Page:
Page last updated at 10:40 GMT, Wednesday, 30 December 2009

Welsh 'super-needle' to aid pin-hole surgery training

Hywel Griffiths, BBC Wales Health Correspondent
Hywel Griffiths
BBC Wales health correspondent

Bangor University ImaGINe-S 'Superneedle' 3-D training in action
The simulator technology has already won a European award

Virtual 3D patients could be used to train staff in pin-hole surgery, thanks to work at Bangor University.

The ImaGINe-S simulator uses similar technology as computer games to recreate the feeling of guiding a surgical needle into the body.

The device has already been awarded an European prize for the use of computer graphics in medicine.

The team hope to see it introduced as a training tool within the health service over the next few years.

"What we're trying to do is create a virtual patient that a doctor or nurse can practice on," explained Prof Nigel John from the university's School of Computer Science.

"Rather than them having to practice on you or me, they can have a virtual patient that doesn't scream too much, to work out how to do a procedure."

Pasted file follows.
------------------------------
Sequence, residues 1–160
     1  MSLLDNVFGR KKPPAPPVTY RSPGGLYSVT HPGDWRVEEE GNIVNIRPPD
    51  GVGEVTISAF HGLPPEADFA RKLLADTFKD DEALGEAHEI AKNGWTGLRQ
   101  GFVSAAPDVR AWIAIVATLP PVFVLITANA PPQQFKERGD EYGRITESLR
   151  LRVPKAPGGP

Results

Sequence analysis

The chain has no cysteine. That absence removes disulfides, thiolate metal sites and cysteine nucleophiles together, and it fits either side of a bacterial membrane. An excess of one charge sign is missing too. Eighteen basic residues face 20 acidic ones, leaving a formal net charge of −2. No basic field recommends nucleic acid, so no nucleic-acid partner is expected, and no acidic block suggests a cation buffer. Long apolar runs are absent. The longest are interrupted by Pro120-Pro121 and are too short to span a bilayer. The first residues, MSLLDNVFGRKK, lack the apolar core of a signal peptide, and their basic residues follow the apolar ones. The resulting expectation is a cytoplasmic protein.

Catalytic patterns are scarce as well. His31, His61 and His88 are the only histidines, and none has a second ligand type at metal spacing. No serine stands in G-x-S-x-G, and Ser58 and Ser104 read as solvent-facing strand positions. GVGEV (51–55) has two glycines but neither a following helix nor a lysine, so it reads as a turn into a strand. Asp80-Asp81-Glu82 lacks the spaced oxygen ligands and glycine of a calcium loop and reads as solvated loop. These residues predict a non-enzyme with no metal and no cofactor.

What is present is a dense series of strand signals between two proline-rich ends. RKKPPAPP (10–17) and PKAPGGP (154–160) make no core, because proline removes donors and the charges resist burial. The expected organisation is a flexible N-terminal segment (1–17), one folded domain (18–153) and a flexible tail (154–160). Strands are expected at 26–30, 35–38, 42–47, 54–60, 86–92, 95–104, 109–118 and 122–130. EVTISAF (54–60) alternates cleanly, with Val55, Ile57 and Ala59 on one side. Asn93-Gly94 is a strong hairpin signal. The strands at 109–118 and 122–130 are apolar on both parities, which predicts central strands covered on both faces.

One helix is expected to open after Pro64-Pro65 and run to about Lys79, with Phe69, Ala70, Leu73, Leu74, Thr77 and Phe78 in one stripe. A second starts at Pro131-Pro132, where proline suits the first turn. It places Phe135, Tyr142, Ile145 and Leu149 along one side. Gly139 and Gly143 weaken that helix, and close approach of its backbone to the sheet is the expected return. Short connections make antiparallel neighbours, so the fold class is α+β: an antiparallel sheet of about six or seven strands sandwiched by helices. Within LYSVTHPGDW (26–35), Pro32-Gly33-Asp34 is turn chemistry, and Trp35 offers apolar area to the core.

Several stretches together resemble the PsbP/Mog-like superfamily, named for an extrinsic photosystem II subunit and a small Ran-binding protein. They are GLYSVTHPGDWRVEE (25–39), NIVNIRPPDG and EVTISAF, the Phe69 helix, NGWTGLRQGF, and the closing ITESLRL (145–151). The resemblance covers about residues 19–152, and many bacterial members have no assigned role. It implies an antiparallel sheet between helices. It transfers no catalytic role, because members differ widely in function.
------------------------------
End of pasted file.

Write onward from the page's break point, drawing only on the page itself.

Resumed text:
The user wears 3D glasses to see a projection of a patient, and then moves two hand-held devices that simulate the role of a scanner and needle.

Pin-hole surgery training using virtual technology
Their post-operative pain is less, recovery is less, they don't have a scar afterwards
Prof Derek Gould
Royal Liverpool Hospital

"Its meant to be able to train scanning the patient with an ultrasound image to look for the target," said Prof John.

"Either the kidney, the liver or an artery that you want to puncture with a needle."

Using force-feedback, technology found in items like game controllers and video racing steering wheels, users can then feel the pressure of pushing the virtual needle - and guiding a wire through the body.

The team at Bangor have been working with interventional radiologist, Prof Derek Gould at the Royal Liverpool Hospital.

He explained that many modern procedures only require minimal intervention with a needle, rather than full open surgery, which benefits both doctor and patient.

"Their post-operative pain is less, recovery is less, they don't have a scar afterwards" he said.

"Interventional radiology has been described as pin-hole surgery, as it goes through such a tiny puncture site into the patient."

With greater use of pin-hole surgery, the ImaGINe-S team hope to see their simulator being taken up across different health services.

It can be used with an average office-standard PC, and according to Prof Nigel John, the cost is likely to fall in the future.

"A lot of the technology I use benefits from the computer games market" he added.

"They are driving down prices and increasing performance all the time of what you can do with computer graphics."

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